Given the contentiousness of the issue, it wasn’t unusual for the mayor’s office to be lobbied from all sides, including the taxi industry that was opposed to Uber, Peat said. In all cases, “the mayor has followed all rules put in place.”
A Star analysis shows that since 2013, Uber contacted city officials and council members more than 4,700 times, and since Tory’s election, its lobbyists have logged more contacts with the mayor’s office than all taxi companies, industry groups and taxi worker organizations combined.
Asked via email whether Uber had ever attempted to use former Tory staffers, including herself, to improperly influence the mayor’s office, Rang issued a one-word statement: “No.”
The company says it follows all of the city’s lobbying rules.
Glen said she has never used her connections in the mayor’s office to improperly advance Uber’s interests. “At all times, I have been in full compliance with all relevant rules and regulations and I’m proud of the work I’ve done as a campaign volunteer, a corporate adviser and … as Mayor Tory’s deputy chief of staff,” she said.
Richard Ciano, who is a principal at Campaign Support, said in an email the company set up telephone townhalls for Uber executives and Toronto residents, which can be considered a form of lobbying under city rules. “We did not meet with or call any office holder,” he said.
Toronto’s integrity commissioner investigated Uber’s connections to the mayor’s office in 2016, following a complaint focused on Duffy and Kouvalis. She concluded there was no evidence Tory did anything wrong, or had sought to improperly benefit Uber or his former aide.
But she found that a former campaign staffer lobbying the mayor’s office on behalf of Uber could give rise to the “reasonable perception” that the mayor’s office might give “preferred treatment” to someone who helped him get elected.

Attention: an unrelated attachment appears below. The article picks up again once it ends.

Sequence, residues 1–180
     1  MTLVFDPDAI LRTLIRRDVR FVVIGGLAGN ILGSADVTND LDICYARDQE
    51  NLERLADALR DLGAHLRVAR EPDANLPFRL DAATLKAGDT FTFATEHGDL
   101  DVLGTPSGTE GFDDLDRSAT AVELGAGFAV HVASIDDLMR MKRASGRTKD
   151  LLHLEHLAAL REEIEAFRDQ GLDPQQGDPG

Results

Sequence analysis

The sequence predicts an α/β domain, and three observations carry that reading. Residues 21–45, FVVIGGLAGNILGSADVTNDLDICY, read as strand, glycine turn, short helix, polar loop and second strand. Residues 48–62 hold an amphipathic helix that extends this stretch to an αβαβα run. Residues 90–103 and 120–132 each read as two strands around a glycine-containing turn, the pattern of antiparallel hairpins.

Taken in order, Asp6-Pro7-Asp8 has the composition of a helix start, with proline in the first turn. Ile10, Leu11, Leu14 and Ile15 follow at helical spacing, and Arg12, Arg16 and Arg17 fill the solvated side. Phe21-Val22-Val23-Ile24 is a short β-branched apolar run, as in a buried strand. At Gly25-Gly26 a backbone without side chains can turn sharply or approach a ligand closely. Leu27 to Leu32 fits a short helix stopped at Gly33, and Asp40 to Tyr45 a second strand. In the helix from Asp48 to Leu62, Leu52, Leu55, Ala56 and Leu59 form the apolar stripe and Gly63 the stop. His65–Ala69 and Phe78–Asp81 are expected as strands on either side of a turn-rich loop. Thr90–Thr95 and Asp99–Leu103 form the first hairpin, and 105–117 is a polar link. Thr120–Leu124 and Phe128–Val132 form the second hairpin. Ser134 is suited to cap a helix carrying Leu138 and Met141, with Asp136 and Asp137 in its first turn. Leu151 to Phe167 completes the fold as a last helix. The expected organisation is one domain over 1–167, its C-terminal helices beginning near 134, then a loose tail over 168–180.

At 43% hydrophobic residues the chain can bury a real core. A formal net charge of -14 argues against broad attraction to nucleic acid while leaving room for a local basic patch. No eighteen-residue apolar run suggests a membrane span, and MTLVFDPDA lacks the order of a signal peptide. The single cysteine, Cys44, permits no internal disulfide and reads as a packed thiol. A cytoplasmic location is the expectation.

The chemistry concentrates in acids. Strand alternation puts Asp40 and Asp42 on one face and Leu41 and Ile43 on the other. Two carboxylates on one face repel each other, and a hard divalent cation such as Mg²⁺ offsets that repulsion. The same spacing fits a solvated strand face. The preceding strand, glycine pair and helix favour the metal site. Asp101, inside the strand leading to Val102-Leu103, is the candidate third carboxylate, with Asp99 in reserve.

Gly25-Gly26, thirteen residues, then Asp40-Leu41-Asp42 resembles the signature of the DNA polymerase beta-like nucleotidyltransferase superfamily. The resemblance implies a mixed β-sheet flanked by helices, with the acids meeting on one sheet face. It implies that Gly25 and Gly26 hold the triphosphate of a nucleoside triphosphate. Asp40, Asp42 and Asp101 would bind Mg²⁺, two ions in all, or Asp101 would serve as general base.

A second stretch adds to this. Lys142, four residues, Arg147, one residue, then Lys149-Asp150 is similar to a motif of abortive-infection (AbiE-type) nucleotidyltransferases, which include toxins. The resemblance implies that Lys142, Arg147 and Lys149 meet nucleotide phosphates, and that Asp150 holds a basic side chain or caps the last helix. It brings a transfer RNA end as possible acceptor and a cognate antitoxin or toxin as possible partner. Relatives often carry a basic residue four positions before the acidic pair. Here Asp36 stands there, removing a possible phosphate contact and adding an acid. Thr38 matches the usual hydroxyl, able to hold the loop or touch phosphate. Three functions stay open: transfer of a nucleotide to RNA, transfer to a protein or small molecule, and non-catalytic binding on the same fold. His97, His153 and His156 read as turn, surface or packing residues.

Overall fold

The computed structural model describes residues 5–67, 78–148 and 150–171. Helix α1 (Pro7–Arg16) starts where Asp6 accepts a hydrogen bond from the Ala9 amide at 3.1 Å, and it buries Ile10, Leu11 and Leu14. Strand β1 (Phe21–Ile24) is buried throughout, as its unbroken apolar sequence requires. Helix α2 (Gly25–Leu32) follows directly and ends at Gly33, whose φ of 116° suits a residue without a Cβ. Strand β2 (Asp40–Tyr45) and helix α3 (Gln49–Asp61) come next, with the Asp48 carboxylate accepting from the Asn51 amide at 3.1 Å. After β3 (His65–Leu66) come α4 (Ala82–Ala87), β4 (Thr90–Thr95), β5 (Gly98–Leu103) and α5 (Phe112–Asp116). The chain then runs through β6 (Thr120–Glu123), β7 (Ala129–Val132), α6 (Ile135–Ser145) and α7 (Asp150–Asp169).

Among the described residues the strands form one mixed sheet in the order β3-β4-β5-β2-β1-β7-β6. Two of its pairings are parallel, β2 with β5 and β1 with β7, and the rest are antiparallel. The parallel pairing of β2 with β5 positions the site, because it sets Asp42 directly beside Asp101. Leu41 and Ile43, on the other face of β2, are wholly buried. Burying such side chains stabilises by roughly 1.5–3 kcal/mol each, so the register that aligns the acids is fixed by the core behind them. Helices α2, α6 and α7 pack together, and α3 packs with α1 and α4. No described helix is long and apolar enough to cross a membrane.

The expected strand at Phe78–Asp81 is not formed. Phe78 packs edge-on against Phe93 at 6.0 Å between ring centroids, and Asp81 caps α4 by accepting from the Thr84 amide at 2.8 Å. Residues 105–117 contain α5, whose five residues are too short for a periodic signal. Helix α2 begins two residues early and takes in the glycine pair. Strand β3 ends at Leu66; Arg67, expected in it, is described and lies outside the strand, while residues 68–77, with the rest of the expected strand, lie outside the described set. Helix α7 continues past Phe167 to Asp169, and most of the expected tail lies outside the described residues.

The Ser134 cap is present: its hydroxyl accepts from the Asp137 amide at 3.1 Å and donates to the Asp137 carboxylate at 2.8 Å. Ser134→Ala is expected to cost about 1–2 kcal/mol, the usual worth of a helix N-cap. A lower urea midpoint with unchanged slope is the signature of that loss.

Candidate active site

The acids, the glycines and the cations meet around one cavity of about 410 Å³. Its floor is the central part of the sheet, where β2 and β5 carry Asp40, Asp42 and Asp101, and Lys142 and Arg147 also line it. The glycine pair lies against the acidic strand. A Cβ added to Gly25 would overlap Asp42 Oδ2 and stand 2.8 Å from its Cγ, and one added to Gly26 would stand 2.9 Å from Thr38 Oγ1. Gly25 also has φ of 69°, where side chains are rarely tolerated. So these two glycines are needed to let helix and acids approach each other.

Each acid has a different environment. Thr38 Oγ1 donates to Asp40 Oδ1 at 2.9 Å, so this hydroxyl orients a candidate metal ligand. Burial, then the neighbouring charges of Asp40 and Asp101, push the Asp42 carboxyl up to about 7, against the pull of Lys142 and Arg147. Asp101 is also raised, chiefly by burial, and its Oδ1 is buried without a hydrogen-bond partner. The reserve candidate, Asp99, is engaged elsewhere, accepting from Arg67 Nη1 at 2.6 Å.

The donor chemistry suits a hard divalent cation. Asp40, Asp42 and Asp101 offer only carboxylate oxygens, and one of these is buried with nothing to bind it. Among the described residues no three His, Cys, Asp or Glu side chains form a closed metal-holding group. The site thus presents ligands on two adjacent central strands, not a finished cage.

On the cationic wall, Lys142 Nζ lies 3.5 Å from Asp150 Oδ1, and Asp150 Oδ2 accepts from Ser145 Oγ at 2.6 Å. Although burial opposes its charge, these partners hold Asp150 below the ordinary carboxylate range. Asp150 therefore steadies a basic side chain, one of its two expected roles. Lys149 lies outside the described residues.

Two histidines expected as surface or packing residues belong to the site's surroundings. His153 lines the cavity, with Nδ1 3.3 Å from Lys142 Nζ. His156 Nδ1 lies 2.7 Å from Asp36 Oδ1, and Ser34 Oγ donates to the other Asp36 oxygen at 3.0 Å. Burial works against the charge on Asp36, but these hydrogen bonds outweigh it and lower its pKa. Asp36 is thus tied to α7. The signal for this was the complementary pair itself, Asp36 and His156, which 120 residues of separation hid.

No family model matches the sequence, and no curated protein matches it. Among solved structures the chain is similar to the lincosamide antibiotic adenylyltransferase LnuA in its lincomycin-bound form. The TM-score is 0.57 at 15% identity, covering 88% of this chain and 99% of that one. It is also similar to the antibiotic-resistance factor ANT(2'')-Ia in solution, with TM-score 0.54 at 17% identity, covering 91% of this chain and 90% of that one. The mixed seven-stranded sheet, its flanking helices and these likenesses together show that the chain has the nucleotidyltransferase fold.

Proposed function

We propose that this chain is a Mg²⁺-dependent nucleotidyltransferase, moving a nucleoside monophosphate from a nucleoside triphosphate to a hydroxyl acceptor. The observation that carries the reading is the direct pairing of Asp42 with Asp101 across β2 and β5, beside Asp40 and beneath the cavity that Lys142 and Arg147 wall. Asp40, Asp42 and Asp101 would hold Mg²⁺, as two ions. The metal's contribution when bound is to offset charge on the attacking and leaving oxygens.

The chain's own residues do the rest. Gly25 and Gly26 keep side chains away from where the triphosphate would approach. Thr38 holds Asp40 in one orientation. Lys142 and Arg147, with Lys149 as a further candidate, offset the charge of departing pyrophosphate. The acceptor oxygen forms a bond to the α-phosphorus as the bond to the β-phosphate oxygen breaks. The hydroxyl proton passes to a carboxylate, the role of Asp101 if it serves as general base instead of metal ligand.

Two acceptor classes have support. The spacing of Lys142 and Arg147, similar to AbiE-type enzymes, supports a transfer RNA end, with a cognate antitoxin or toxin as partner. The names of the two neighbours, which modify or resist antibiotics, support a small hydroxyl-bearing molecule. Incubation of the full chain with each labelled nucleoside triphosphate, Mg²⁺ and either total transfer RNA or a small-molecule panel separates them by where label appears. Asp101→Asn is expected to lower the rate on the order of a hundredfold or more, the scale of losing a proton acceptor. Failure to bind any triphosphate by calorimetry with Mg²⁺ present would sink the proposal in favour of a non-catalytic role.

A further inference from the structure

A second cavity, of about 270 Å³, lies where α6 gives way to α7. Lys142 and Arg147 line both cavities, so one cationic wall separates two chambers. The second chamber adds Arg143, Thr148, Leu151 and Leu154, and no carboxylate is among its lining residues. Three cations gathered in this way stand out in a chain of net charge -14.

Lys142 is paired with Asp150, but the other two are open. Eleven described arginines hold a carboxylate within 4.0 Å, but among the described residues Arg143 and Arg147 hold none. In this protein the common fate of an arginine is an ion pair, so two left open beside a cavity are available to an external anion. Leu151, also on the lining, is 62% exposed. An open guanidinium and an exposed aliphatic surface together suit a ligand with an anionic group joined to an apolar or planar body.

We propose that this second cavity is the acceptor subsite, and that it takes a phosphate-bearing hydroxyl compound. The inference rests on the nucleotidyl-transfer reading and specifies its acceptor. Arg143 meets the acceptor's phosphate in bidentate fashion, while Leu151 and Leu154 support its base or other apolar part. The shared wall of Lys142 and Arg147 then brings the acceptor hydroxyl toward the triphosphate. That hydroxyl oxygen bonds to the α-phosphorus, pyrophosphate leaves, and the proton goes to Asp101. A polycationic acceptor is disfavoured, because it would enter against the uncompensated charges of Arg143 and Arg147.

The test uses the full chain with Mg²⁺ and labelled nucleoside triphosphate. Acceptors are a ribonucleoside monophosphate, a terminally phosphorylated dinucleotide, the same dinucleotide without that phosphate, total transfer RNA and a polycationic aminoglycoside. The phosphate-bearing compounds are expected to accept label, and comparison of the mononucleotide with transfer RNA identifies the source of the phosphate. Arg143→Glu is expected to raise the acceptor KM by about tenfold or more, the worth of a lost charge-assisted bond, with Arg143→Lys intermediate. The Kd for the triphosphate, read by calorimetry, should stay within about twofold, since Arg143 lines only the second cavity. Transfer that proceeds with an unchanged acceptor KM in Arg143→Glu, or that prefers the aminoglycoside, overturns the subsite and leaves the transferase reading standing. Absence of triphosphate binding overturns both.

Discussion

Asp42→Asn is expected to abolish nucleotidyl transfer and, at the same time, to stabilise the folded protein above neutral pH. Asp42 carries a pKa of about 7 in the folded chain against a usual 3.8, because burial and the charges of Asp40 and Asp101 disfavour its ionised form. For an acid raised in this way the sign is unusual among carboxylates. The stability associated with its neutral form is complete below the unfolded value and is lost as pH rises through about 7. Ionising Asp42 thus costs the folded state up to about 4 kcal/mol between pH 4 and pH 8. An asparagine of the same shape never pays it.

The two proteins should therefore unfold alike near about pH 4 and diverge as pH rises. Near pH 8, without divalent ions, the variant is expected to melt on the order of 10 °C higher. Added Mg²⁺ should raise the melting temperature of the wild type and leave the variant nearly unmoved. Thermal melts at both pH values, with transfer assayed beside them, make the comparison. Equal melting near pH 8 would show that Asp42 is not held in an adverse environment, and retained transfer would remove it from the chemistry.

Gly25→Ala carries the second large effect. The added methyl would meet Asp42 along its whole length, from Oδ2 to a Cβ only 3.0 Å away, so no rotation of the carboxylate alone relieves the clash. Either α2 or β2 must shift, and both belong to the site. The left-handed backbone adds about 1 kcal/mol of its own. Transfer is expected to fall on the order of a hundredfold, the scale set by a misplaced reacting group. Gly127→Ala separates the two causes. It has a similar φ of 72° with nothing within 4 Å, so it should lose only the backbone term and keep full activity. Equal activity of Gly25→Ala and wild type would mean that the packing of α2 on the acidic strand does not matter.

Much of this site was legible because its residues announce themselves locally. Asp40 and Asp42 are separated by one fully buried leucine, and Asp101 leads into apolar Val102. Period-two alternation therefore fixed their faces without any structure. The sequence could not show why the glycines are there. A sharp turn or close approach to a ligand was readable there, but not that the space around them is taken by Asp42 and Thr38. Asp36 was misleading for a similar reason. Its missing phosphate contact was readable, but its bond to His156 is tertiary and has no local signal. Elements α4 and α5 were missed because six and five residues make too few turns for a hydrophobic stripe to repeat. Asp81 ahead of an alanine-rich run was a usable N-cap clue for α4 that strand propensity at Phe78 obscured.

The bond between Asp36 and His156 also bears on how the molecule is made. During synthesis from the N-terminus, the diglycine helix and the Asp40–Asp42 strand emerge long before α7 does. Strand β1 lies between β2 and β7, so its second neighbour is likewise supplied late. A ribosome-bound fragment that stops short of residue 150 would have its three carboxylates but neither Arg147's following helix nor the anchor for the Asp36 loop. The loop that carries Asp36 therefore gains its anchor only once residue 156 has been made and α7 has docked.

She noted that such perceptions “can be harmful to the public’s trust in government,” and recommended council members act with “caution” and in some cases refuse such lobbying efforts.
Duffy, who died earlier this year, told the integrity commissioner that in June 2015 he decided to stop lobbying the mayor’s office on behalf of any of his clients.
Zachary Spicer, an associate professor at York University’s School of Public Policy and Administration, who has studied Uber’s effect on cities, said there’s no evidence staffers switching between the mayor’s office and lobbying for the company led Toronto to water down ride-hailing regulations.
He said the rules Toronto instituted are no weaker than those set up by most other North American cities, which suggests Uber didn’t wield any undue influence over the mayor’s office.
“I don’t think we can point to that and say, this is the reason why the regulations are the way they are,” Spicer said.
But Robert MacDermid, professor emeritus at York’s politics department, said the crossover between the mayor’s office and Uber should “be a concern for many citizens.”
While he stressed he had no knowledge of whether Uber used Tory’s former staffers to weaken regulations, he said it’s only logical to believe that “if you worked for Tory and then you go and work for Uber … you’re going to have a privileged access, very likely, to the decision-makers.”
That could lead to the perception that important city policies are being influenced “by the lobbyists for the industry, rather than what is good for citizens,” he said.
With files from Sara Mojtehedzadeh